Two Wave players on Canadian national team
MILWAUKEE (April 17, 2009) - When you think beach soccer, you think of Brazil, France, perhaps the American coastlines in Miami and Southern California. But the Great White North?
Canada actually has a respectable history in the relatively young sport of beach soccer, having reached the quarterfinals of the 2006 FIFA Beach Soccer World Cup. This year, the Canadians feature a strong Wave flavor, with veteran Giuliano Oliviero and XSL Rookie of the Year Marco Terminesi on the team. Ross Ongaro, who played for the Wave in the 1985-86 season, is the team's coach and another former Wave player, Sipho Sibiya, is a member of the squad.
They participate in the CONCACAF Beach Soccer Championship, April 29-May 3 in Puerto Vallarta, Mexico. The CONCACAF region includes North and Central America and the Caribbean, and the top two teams in this tournament qualify for the 2009 FIFA Beach Soccer World Cup in Dubai, Nov. 16-22.
"It's a pleasure, anytime you represent your country at any level, it's always an honor," said Oliviero, 35, who is participating in his first beach soccer event.
Canada rejoins the competition after a two-year absence; it qualified for the World Cup in 2006 by finishing second. Also in the tournament are Bahamas, Costa Rica, El Salvador, Mexico and the United States. The U.S. has won the event twice; Mexico is the defending champion.
Terminesi, just 24, is a native of Woodbridge, Ontario. He comes off a season in which he scored 52 points, second in the XSL. He learned from Canadian teammate and Detroit Ignition captain Kyt Selaidopoulos that he was an option, then Ongaro watched him play during the XSL season. He remained on the fence about what to do with his summer, but gradually came around to embracing the opportunity with the Canadian team.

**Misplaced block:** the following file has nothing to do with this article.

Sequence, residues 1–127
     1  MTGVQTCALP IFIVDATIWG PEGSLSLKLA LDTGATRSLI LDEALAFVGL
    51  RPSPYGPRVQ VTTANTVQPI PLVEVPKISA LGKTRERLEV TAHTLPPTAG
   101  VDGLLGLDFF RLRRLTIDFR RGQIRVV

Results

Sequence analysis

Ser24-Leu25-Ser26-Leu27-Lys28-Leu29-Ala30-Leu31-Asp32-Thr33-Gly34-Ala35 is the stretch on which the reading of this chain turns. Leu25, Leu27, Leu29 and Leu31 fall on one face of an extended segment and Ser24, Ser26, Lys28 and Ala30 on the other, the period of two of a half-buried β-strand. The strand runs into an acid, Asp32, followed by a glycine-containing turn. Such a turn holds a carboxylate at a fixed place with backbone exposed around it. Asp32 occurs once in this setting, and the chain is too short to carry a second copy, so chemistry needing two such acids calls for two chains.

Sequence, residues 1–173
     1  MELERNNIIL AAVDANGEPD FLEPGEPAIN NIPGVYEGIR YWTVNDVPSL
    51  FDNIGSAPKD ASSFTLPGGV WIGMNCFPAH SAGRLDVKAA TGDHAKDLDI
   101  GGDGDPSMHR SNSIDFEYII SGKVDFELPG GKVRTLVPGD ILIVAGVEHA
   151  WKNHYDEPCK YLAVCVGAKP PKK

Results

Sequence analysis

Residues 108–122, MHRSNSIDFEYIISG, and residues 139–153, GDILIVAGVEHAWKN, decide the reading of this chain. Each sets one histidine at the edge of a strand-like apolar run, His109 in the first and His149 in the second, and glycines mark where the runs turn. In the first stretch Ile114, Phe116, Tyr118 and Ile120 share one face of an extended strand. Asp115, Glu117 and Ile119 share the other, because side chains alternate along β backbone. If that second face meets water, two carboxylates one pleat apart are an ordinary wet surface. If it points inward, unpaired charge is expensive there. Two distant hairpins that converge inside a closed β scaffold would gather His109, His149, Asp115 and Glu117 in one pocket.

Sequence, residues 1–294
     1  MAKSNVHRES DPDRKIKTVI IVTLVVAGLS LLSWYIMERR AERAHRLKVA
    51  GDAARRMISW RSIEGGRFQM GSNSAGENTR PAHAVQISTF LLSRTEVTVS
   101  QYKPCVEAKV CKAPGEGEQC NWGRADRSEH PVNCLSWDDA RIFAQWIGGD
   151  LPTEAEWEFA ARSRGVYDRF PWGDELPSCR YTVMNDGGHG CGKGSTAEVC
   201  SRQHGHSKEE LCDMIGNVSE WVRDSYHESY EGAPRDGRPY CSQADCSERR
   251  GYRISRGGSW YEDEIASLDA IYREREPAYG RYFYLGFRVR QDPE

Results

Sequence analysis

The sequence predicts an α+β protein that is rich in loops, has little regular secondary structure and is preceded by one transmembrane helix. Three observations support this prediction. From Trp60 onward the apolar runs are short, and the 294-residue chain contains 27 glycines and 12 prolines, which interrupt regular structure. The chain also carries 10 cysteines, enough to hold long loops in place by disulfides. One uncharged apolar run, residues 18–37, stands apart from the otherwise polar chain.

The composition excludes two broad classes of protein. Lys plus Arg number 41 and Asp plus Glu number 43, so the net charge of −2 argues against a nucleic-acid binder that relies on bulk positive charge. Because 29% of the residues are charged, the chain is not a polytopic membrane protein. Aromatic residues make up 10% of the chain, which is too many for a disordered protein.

"Once I heard about the hotels, food and the way they take care of us, that's when I realized it's going to be a big deal," Terminesi said. "Plus, you're playing for your country, that's the thing that's going to be awesome."
Beach soccer is played with four field players plus a keeper, with three 12-minute periods in each game. With wide-open spaces, every free kick a direct try at goal and nearly full-size outdoor goals, there is plenty of scoring. The FIFA Beach Soccer World Cup is played annually; it should surprise no one that Brazil has won the last three tournaments.
"It's played in the air, you can't really dribble in sand," Oliviero said. "For those acrobatic guys, it's good for them. The goals are big, and there should be a lot of scoring."
The team trains in San Diego for three days beginning April 24, then goes to Puerto Vallarta. Selaidopoulos, who helped lead the Ignition to the first XSL championship, is already in Milwaukee to join Oliviero and Terminesi for training.
"Anytime you represent your country in any form whatsoever, it's a huge honor," said Wave Head Coach Keith Tozer. "I'm very happy for both guys, and it should be an outstanding experience."
For more information on beach soccer, visit http://www.concacaf.com/competitions/beach/2009/index.aspx or http://www.fifa.com/beachsoccerworldcup/index.html.
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Xtreme Soccer League Stories from April 17, 2009
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- Two Wave players on Canadian national team - Milwaukee Wave
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